I understand a lot of the complaints against the genre right now. There are absolutely problems that cannot be overlooked. It is harder and harder for original ideas to come to life on the screen. The franchises we, as fans, all love have all but disappeared. We’re now over halfway through a decade where we have not had a single appearance by Freddy, Jason or Michael Myers on the big screen. That’s not fun for a horror fan. Even those who grew up on the Saw movies aren’t seeing much.
These are not good things. It wasn’t so long ago—only 2009—that we had a Friday the 13th and a Halloween film in the same year, all while following the production of a new Nightmare on Elm Street. It’s insane to think how much has changed in such a short amount of time.
Having said that, I think it’s precisely because we’re seeing less and less big, theatrical horror that people take all the projects we are getting for granted. There’s so much horror out there in the world right now, so much merchandise and so much content in general, and it’s all being catered directly to the fans and collectors. Thanks to the age of the Internet, these companies know exactly who is buying their product and exactly what they want.
Blu-ray is a gift that I could not have even imagined when it was first introduced. I rolled my eyes initially, because what could be better than DVD? Even when I started picking up certain titles, seeing a quality difference, I wasn’t really wholeheartedly impressed until companies like Scream Factory came along. And it’s not just Scream Factory, either. There are so many distributors now that are unearthing old titles—from classics to obscure and forgotten gems—and giving them treatments we never thought possible. Watching their Pumpkinhead blu after seeing the VHS and only-slightly-better DVD for so long was a transcendent experience.
Movies like Ghoulies and Prison are being given these amazing, restorative transfers. Many of the titles I obsessively watched on video, when I pick up the collector’s edition Blu-ray, it’s like I’m watching them for the first time all over again. And it’s not just the restorations, either. Some of these movies are getting special features so comprehensive, it’s baffling. The Scream Factory edition of Wes Craven’s Shocker has an entire documentary devoted solely to the soundtrack. That’s not only the sort of thing I’ve dreamed of, it’s the sort of thing I thought only I would ever think of.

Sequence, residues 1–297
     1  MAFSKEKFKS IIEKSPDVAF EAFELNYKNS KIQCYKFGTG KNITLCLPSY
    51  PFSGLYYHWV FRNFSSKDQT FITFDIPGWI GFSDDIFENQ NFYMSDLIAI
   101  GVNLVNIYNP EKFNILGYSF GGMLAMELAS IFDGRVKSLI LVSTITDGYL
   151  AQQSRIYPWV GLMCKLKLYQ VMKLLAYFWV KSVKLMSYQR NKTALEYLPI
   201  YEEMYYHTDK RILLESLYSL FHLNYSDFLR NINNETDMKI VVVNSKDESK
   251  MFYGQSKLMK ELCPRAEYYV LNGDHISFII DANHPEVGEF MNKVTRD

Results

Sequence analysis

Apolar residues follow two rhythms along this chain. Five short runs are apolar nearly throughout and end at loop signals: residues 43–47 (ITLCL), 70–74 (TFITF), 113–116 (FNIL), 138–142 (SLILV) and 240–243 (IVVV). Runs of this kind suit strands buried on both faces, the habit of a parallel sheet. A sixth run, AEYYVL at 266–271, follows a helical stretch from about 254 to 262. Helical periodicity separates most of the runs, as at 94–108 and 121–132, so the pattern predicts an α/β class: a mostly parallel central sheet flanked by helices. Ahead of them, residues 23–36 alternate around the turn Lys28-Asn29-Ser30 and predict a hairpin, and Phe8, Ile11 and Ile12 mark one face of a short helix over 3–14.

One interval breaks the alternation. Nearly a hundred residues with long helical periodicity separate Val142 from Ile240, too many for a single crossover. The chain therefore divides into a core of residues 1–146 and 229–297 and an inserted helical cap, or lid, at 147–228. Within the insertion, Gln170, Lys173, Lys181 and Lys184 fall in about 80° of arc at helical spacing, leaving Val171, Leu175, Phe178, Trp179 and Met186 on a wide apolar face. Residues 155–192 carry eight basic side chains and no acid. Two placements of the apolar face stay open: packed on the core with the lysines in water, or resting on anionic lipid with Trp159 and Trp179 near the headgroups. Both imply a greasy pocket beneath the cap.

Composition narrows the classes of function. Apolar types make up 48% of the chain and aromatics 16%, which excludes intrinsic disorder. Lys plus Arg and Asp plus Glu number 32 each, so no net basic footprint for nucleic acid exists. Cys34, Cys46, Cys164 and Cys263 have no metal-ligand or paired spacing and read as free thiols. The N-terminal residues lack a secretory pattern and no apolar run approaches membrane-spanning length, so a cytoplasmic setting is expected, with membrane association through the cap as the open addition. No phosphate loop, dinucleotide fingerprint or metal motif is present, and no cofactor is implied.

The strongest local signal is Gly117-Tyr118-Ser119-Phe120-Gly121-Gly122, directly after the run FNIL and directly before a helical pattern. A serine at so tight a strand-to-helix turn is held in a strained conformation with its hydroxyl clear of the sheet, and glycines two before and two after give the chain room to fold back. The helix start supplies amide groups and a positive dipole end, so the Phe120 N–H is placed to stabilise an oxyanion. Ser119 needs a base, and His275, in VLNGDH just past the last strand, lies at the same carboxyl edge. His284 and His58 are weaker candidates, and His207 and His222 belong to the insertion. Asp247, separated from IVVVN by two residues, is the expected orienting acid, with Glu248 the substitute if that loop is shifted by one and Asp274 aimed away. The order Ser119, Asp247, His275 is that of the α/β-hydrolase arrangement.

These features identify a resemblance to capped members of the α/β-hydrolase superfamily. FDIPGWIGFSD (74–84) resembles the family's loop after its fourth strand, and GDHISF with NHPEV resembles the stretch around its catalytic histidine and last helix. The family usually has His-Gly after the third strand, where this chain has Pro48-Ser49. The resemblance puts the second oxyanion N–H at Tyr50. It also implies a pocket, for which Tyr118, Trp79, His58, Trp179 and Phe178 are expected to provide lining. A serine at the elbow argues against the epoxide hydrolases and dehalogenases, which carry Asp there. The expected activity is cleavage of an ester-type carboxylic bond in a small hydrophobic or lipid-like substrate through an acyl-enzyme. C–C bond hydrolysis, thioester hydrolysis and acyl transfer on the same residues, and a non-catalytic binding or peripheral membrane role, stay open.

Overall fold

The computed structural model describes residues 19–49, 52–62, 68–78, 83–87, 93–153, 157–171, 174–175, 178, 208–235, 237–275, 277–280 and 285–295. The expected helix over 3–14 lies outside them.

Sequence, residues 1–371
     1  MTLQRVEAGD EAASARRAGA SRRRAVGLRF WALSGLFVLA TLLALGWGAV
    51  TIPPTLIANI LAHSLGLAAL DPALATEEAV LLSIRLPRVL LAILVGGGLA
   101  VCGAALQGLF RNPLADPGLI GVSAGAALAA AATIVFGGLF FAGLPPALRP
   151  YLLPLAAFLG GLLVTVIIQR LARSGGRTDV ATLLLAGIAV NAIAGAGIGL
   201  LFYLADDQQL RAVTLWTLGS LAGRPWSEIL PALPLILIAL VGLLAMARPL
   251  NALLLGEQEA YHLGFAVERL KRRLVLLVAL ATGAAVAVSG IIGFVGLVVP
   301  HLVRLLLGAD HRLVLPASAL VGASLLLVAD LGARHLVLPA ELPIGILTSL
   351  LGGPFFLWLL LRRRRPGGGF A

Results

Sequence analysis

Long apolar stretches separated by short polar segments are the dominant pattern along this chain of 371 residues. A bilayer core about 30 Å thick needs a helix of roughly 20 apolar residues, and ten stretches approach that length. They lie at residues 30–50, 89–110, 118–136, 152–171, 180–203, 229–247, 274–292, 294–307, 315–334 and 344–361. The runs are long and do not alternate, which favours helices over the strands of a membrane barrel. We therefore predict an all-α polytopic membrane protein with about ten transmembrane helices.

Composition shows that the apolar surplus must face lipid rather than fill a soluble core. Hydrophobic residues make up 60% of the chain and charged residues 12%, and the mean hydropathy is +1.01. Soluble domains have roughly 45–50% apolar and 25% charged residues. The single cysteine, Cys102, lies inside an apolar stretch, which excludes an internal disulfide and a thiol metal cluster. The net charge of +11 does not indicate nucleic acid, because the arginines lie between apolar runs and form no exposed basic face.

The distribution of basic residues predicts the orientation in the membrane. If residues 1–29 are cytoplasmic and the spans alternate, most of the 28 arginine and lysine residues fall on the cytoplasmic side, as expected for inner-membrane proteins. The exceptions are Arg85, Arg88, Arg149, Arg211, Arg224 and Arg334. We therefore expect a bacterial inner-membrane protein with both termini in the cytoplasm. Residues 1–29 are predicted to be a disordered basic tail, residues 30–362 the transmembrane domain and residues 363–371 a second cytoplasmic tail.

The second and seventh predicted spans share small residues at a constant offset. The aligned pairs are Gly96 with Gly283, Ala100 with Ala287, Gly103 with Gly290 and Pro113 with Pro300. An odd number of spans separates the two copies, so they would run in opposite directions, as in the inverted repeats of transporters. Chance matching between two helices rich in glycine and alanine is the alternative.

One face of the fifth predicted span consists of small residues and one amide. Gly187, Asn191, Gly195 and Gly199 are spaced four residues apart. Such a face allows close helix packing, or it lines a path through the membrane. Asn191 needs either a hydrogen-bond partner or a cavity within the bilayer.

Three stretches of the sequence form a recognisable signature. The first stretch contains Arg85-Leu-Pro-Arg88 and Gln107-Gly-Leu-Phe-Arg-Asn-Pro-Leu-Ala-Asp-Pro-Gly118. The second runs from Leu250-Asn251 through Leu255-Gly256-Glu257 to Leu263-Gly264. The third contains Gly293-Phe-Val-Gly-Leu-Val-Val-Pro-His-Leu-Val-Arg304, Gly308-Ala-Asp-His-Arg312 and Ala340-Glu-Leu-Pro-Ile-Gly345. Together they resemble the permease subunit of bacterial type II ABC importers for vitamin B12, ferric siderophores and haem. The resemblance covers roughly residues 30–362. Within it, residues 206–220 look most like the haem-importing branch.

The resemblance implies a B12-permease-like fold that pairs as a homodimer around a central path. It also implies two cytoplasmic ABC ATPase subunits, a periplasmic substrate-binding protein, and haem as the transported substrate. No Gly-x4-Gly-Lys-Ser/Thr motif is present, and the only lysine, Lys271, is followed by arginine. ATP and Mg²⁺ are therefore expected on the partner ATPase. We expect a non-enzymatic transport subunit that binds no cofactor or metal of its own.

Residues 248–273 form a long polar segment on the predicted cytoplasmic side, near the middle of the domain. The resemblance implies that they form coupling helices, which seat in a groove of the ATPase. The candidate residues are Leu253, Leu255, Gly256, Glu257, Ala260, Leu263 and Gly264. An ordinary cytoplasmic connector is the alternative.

Moving on from the amazing Blu-ray renaissance going on right now, we’ve got more merchandise than ever before. I find myself at some point almost every single day looking at something online and thinking “Man, I wish I was a kid again.” There are so many things out there right now that are exactly the kind of things I wish I had when I was a kid.
I remember making a paper hockey mask to go on the face of my Peter Parker action figure so that I could have a passable Jason Voorhees. Now there are Jason and Freddy toys to represent their looks in every single film. Gremlins has spawned its own action figure series. You can own each of those wacky, off-the-wall creatures introduced in Gremlins 2. As a child, I wanted nothing more.
And my god, Re-Action? Toys that aren’t just based on all of the things I love but are specifically designed to look like the crappy figures I grew up playing with? And they’re all the same size so there’s a visual consistency if you decide it’s time they all got in a great big fight? What’s better than that? Introduce your kids to these, people. Buy them the Jaws figures, or the Big Trouble in Little China line if you really want. Get them Freddy, Jason, Michael Myers, Buffy, Dracula, Snake Plissken, Jack Burton, Doc Brown, Re-Action’s got them all.
And it’s not just toys. The list ranges from everything from board games to decor. There are whole sites devoted simply to spooking up your home. Video games, T-shirts, vinyl albums, even comic books—the list goes on and on and on. We have so much right now that it’s positively insane. And it’s weird that we talk about none of it so that we can continue to harp on what we don’t have. So many of the things we have now are the kind of things I dreamed of having in my youth, and I know many other fans did as well. If we take all of this stuff for granted, well, I’m sure it will be easy to tell how much we miss all of it once we don’t have it anymore. Because it’s not going to last forever. No movement, no era in horror does. That’s what makes each of them special in the first place.